It’s a mantra of political orthodoxy: You can’t raise taxes on voters if you hope to get reelected.
Yet President Trump is doing just that, through new tariffs on billions of dollars worth of consumer goods imported from China. Many of those goods will soon be more expensive.
The tariffs began on Sept. 1, with a new 15% tax on about $112 billion worth of Chinese imports per year, including clothing, shoes, printers, scanners and plastic goods. On Dec. 15, the same tariff is due to hit another $155 billion worth of Chinese imports, including electronics and smartphones. All told, economists at JP Morgan Chase and elsewhere think the Trump tariffs, including some he has already imposed, will cost each American household $1,000 or more per year.
The Sept. 1 and Dec. 15 tariffs are different from earlier rounds, because they’re the first to raise the cost of finished consumer products. Prior Trump tariffs targeted components and industrial products, with producers bearing most of the higher costs, rather than consumers. The new tariffs, however, are likely to lead to price hikes retailers will blame on Trump.
You’re not supposed to be able to get away with this, if you’re a president running for reelection. The poster child for tax-hike self-sabotage is the late Republican George H.W. Bush, who famously said while running for president in 1988: “Read my lips. No new taxes.” But a bipartisan spending bill he signed as president two years later included an increase in the top tax bracket, from 28% to 31%, along with higher taxes on yachts and other luxury items. Breaking his own 1988 pledge is one likely reason Bush lost his 1992 reelection bid to Bill Clinton.
President Barack Obama approved a couple of targeted tax hikes prior to his reelection bid in 2012, including new taxes on tanning services and medical devices as part of the Affordable Care Act. But Obama never said “no new taxes,” and the tax hikes affected very few people. After he won reelection in 2012, Obama allowed a temporary tax cut for the top 1% of earners signed by his predecessor, George W. Bush, to expire on schedule – a de facto tax hike on the wealthy. But Obama wasn’t running for reelection at that point.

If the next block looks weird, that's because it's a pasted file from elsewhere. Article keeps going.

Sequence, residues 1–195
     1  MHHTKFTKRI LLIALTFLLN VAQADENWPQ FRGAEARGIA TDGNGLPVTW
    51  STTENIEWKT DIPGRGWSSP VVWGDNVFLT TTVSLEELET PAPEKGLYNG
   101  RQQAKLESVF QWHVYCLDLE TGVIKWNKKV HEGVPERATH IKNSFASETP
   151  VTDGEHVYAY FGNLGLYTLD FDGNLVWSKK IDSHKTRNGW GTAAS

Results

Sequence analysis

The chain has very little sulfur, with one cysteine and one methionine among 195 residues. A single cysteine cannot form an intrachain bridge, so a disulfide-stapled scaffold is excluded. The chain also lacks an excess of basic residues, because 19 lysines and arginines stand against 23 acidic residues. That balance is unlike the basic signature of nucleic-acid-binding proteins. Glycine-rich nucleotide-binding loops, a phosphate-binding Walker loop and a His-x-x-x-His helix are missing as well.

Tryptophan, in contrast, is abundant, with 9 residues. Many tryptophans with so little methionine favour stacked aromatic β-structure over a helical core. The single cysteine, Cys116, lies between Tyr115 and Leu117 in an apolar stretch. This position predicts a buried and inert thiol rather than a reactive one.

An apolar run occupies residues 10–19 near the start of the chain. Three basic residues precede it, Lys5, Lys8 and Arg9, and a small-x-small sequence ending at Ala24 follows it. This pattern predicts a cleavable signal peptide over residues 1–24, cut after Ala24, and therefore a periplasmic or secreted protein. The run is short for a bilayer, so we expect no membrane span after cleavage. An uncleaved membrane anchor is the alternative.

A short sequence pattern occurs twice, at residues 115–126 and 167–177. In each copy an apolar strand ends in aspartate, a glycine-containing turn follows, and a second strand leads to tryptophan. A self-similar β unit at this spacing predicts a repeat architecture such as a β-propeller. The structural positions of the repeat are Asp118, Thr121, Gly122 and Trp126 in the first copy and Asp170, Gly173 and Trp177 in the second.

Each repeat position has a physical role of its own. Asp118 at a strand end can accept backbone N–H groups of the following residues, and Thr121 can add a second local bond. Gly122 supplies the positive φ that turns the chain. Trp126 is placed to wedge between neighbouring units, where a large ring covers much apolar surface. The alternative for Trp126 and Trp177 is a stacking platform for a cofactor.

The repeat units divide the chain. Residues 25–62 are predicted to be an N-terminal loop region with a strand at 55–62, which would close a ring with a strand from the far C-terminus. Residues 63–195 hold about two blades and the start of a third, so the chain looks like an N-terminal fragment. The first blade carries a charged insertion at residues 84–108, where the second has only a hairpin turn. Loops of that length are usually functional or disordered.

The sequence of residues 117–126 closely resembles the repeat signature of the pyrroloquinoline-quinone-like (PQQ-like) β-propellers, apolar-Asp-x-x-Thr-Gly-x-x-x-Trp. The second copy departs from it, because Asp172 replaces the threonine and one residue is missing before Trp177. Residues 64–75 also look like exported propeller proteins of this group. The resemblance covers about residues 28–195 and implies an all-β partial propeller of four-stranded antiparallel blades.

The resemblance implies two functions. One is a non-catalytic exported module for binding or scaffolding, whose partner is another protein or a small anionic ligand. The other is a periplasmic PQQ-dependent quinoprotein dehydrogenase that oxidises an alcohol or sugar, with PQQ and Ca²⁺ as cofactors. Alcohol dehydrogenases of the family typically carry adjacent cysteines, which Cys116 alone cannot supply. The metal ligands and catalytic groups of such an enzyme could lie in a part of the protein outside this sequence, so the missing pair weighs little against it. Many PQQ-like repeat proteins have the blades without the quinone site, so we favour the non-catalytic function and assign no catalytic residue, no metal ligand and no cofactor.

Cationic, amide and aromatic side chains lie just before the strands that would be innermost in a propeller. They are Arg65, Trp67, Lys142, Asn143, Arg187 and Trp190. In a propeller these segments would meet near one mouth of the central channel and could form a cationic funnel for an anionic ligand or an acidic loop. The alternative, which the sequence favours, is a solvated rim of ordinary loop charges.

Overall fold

Trump’s new tariffs are part of the trade war he’s been waging with China for a year and a half, which is beginning to show signs of sapping the economy. The manufacturing sector is now shrinking, as producers struggle with higher input costs and more barriers to exports as China and other countries retaliate against Trump’s tariffs. The slowdown hasn’t yet hit consumers, but if it does, Trump has set himself up as the villain.
Will voters care about tariffs?
What’s he thinking? Nobody ever knows, but here are 5 possible reasons Trump may think he can raise taxes on consumers and still win their vote:
1. He can convince people tariffs aren’t taxes. When Yahoo Finance ran a recent story explaining the new tariffs, dozens of readers wrote in to say we had it wrong because tariffs aren’t taxes. They’re wrong. Financial education site Investopedia defines a tariff as “a specific tax levied on an imported good at the border.” The Tax Policy Center explains that “a tariff is a tax on imported goods.” Merriam-Webster says a tariff is “a schedule of duties imposed by a government”—and it defines “duty” as “a tax on imports.” This is not a matter of opinion, interpretation or belief. Tariffs are taxes. End of story.
2. Trump can convince voters somebody else pays the tariffs. Trump repeatedly says the Chinese are paying his tariffs. That is also incorrect. American importers pay the tariff to the Customs Service and the money ends up at the U.S. Treasury. There’s no rebate process that forces Chinese importers to pay. The American firms paying the tariff might be able to offset part of the higher cost by negotiating lower prices with their Chinese suppliers. But that’s not guaranteed. They can also try to substitute imports from other countries that aren’t subject to the new tariffs. But in many cases there aren’t substitutes for the massive amount of stuff we import from China. That means at least some of the cost of the tariff will hit American consumers as higher prices, and American businesses as lower profits.
3. Maybe voters won’t notice the tariffs. Will shoppers really catch on if the price of a pair of shoes goes up by a couple bucks? Maybe not.
4. Maybe they’ll notice but won’t care. Some Americans support Trump’s approach to China and are willing to pay more for things if it forces China to stop cheating on trade.
5. Maybe the whole thing will be over before the 2020 election. If Trump gets some kind of trade deal midway through 2020, and revokes the tariffs, it’s possible he can declare victory with no political harm. By the time Americans vote next November, the tariffs could be a distant memory.
The risk for Trump is that China digs in and refuses to grant a deal on terms he can accept. If that happens, Trump would have to keep the tariffs in place or else capitulate to China by removing them. And the tariffs will harm the economy more the longer they stay in place. Voters are already poised to blame Trump if the economy slows or a recession forms. So maybe they’re not that accepting of tariffs after all.
Trump operates far outside the mainstream on many issues, including immigration, guns and trade. He may think he has a unique talent for political survival. But voters who took a chance on him once won’t do it twice if they feel burned.
Rick Newman is the author of four books, including “Rebounders: How Winners Pivot from Setback to Success.” Follow him on Twitter: @rickjnewman